Monday, August 18, 2014

Soldiers vs. Insurgents using Five Core

To finish the weekend, last night I played a game of Five Core using the basic rules, plus the Stealth option from the Tactical Primer supplement. In this mission, a group of four soldiers must neutralize a group of six insurgents. Four of them are inside a large house and two are outside, patrolling. Fireteam A is on the top portion of the map, fireteam B is near the bottom.

The soldiers advance cautiously to the insurgents' base. This is the defining moment, when they are ready to open the doors shooting. One of the patrollers is far away (maybe relieving himself?) while the other failed his roll to detect the soldiers.

Fireteam A moved inside through the door at the top. However, an insurgent opened fire making the soldier duck back. Fireteam B entered through the front door and shot down one insurgent. As the firefight continued, both patrollers moved closer to the action and were taken down. One soldier from fireteam A was knocked down and one from fireteam B was taken out of action. Due to these losses, the soldiers started retreating under fire.

Fireteam A retreated through the house, while fireteam B used a narrow street. The remaining insurgents came in pursuit. When the soldiers were about to leave the board, the insurgents managed to hit them, knocking both down. Game over...

Two soldiers were out of action, the other two were knocked down. Rolling on the recovery table, neither out-of-action soldier was badly injured, so I assume they would be taken as prisoners.

I did not take note of the total playing time for the game, but it did flow well, thanks to the few dice rolls and tables. Three nice bits from the rules that I would like to highlight are: the simple reaction fire mechanics, the ability to peek around cover and the action roll, which makes turn sequence a little unpredictable.

In this specific scenario, I thought I should add some extra figures to the "enemy" to compensate for my overall knowledge while playing solo. This was not the case, however, as I played with the basic rules where all figures are essentially equal. The battle might have worked differently if I had added skills for the soldiers, or allowed them to ignore a few shock dice to simulate better training.

Sunday, August 17, 2014

My new batch of 15mm post-apocalyptic minis

I have finished my "new generation" of 15mm paper minis (actually, some of them are a bit taller than that...) They took a while to make but I find the results really good:

They were printed at a photo print shop, thus the very bright colors and great details. To paint over white bits on the photo paper, I used a Sakura Identi-Pen. I have tried other similar pens but this is the one I have found to stick really well to that paper.

The bases were cut with a craft paper punch, 11/16" or roughly 17mm. I cut one circle of a texture sheet -- printed at home, as the glue I use does not take well on photo paper -- and one circle of a thin EVA sheet (also known as "foamies") then glued them together.

Also thanks to Sean for making some interesting posts about miniature photography. There is not so much I can do with a point and shoot camera and improvised lighting, but I think these pictures are already better than previous ones taken with the camera flash (or without flash and some fudging in Gimp.)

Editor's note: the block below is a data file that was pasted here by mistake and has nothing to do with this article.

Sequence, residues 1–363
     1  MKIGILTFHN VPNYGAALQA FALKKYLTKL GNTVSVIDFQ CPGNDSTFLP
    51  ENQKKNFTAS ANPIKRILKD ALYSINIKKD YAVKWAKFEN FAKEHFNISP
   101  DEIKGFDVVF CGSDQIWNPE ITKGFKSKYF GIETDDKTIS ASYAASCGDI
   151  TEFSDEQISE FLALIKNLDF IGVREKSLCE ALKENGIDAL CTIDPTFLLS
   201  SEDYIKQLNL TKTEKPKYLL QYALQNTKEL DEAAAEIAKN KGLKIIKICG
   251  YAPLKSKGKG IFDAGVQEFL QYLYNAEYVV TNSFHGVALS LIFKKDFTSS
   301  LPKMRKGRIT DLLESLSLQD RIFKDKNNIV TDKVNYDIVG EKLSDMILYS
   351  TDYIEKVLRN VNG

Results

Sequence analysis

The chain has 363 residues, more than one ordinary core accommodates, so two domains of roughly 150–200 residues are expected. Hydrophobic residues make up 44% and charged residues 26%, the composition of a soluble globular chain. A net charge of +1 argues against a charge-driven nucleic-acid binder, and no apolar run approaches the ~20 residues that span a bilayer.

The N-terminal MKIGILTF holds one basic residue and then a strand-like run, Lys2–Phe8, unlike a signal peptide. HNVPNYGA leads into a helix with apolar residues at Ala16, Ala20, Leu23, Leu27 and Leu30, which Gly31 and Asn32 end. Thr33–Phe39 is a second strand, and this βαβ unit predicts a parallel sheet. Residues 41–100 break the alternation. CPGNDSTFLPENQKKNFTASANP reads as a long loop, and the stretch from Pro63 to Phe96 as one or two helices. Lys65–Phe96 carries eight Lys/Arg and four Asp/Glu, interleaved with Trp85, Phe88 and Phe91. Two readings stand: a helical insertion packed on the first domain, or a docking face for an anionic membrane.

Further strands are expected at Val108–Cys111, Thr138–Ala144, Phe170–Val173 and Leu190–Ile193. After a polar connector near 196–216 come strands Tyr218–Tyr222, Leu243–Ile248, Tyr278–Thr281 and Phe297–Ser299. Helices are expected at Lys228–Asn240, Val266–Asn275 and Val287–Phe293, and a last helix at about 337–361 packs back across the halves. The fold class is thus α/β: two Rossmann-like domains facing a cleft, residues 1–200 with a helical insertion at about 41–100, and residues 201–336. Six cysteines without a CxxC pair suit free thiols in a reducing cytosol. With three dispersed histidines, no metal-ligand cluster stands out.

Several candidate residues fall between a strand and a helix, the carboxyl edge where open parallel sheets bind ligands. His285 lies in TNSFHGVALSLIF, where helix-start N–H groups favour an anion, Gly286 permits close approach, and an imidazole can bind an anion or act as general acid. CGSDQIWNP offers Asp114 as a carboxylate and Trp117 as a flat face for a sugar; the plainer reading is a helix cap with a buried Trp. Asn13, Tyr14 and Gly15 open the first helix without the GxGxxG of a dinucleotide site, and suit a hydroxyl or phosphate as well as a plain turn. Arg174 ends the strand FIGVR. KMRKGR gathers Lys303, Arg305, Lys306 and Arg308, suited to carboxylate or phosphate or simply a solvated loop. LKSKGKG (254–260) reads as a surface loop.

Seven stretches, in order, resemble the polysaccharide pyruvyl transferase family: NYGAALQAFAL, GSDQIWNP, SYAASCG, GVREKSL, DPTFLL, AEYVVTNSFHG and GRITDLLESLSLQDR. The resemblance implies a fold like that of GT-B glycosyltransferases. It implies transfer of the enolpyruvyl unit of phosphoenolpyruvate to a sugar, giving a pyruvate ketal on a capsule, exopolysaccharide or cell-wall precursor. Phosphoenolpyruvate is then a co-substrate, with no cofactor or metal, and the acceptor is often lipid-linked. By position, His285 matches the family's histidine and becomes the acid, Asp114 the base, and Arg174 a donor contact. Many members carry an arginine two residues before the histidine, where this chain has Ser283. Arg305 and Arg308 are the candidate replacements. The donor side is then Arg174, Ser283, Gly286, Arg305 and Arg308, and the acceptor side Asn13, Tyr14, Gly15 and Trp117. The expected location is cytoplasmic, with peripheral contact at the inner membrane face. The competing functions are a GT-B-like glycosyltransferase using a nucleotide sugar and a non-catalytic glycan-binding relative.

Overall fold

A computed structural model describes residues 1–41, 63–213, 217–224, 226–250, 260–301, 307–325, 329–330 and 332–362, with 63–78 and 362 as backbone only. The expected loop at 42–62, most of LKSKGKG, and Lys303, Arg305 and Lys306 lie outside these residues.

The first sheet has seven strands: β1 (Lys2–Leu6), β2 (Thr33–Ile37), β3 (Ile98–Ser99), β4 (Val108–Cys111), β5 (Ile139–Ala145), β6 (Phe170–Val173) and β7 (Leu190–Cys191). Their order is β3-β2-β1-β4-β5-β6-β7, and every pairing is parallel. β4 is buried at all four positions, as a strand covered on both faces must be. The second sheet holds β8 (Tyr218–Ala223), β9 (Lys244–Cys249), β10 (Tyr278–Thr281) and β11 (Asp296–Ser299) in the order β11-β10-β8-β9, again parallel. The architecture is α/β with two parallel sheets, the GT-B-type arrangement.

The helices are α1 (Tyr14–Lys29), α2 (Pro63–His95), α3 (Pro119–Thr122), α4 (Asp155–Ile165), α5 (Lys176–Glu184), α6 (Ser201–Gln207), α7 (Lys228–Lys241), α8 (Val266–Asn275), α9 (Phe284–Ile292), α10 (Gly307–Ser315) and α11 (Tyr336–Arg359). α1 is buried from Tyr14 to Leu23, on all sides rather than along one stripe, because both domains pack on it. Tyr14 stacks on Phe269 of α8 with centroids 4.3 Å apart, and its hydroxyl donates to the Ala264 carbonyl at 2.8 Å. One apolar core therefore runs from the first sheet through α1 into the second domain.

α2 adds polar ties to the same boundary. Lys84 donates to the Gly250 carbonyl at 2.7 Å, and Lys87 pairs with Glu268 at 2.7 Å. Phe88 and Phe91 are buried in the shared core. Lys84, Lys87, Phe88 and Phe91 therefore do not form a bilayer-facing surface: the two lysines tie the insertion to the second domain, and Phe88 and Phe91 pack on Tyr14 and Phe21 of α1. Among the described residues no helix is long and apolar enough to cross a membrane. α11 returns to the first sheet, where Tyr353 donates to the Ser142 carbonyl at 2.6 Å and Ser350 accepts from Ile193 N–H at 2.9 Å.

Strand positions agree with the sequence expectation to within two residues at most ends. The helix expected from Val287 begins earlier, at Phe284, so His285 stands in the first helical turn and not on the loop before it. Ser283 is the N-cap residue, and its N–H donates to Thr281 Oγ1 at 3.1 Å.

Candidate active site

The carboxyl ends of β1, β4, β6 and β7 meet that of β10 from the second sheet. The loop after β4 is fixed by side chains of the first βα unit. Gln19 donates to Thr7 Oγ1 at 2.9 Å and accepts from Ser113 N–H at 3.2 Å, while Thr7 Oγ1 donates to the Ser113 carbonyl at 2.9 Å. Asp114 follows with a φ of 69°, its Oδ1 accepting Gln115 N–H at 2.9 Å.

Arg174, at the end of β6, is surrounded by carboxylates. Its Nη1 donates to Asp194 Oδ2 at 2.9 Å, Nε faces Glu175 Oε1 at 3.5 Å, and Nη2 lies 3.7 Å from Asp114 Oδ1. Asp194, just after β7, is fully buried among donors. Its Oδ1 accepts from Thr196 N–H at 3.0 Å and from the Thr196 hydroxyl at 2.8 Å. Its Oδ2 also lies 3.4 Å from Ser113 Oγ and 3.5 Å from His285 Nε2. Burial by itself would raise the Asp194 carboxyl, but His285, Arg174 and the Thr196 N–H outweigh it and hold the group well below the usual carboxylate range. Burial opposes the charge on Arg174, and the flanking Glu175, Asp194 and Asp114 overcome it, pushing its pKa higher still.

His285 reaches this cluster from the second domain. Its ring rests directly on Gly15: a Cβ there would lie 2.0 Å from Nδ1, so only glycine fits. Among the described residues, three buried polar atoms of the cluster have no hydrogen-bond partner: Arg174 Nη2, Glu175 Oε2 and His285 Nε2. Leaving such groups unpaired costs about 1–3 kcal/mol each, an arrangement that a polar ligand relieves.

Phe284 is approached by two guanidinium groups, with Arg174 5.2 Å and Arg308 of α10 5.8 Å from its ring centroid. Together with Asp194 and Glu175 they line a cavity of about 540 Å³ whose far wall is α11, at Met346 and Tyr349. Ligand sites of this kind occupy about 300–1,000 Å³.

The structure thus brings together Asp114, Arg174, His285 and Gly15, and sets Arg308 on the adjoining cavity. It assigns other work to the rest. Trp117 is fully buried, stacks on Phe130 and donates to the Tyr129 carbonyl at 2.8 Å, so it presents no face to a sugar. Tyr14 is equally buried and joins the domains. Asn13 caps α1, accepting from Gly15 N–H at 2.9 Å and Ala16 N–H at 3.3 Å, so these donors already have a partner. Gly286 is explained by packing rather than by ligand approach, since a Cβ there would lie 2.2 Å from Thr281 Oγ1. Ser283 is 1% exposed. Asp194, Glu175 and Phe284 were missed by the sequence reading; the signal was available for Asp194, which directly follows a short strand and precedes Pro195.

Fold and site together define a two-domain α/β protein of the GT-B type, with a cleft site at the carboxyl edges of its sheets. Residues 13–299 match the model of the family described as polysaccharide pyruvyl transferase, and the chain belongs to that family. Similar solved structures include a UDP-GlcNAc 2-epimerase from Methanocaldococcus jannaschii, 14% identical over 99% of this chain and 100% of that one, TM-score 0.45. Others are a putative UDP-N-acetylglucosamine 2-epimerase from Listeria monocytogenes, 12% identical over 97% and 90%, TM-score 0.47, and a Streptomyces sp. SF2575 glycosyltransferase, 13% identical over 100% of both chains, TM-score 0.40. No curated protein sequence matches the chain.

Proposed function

Monday, July 28, 2014

Looking for medicine in a zombie-infested town

Recently I bought the I, Zombie supplement for All Things Zombie (ATZ) and this made me want to play more zombie survival adventures.

I never gave much attention to tri-fold or trigonal paper minis. This changed after I saw a very nice All Things Zombie battle report. I found interesting that the tri-folds were very visible and distinguishable on the table. So instead of printing another batch of the zombies and survivors I created for my Grey City campaign, I decided to try the tri-fold ones from the War of the Dead: the Paper Dead set from Daring Entertainment.

In this scenario, Barry [rep 5 star survivor with SMG] and Moe [rep 4 grunt survivor with rifle] must reach the building at the other end of the board, search for some medicine [pass a challenge test] and leave through the edge they entered. Here is a picture of the board at the beginning, already with the initial zombie placement [I rolled 7 zombies, placed per the rules.]

Saturday, July 26, 2014

My current terrain inventory

After deciding to stick with 15mm scale terrain, I spent some time in the last few days organizing what I had and building some additional pieces.

Here is the terrain I currently have. Most of it fits in a storage box (38cm x 24cm x 18cm) and some older, simpler buildings and tiles are stored in a plastic folder.

So, what exactly is in the box? Plenty of stuff, useful for modern, post-apocalyptic and sci-fi gaming.

First, there are 10 flat-folding buildings based on WorldWorks Games swift scenics line, more specifically the office and abandoned buildings.

Friday, July 25, 2014

Desert Skiff built at 15mm scale

Here are some pictures of the desert skiff printed at 50% scale, to play with 15mm miniatures:

The miniatures are from Slick's Minis and Spacejacker. Expect a battle report soon using this model...

This reduced model was printed on regular 90g/cm2 paper. There were no major problems making the cuts and folds at 50% scale but I really recommend trimming the tabs marked with an "X" before folding and gluing the double-sided parts. This avoid double-thickness tabs that will be harder to fold properly.

Normally I would apply a black pen to the edges of the pieces but in this case, as I cut them I felt that leaving the white edges contributed to the rough/worn look that I wanted.